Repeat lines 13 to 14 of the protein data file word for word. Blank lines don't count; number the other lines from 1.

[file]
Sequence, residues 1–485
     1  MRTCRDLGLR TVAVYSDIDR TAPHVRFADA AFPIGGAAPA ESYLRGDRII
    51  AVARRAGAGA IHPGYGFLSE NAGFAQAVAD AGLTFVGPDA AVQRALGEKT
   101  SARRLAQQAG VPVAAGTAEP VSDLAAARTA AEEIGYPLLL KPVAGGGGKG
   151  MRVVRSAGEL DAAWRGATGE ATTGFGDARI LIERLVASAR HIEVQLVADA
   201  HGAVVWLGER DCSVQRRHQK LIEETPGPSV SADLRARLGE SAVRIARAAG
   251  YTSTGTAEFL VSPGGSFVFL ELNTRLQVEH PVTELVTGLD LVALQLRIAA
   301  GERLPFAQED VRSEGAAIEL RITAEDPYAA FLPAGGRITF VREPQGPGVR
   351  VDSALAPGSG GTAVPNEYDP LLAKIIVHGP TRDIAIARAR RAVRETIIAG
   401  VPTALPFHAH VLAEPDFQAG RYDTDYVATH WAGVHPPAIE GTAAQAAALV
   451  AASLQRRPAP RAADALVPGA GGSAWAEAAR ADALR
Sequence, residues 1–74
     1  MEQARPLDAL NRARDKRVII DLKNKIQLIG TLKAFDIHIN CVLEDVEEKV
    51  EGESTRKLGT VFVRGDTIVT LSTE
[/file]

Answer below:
     1  MEQARPLDAL NRARDKRVII DLKNKIQLIG TLKAFDIHIN CVLEDVEEKV
    51  EGESTRKLGT VFVRGDTIVT LSTE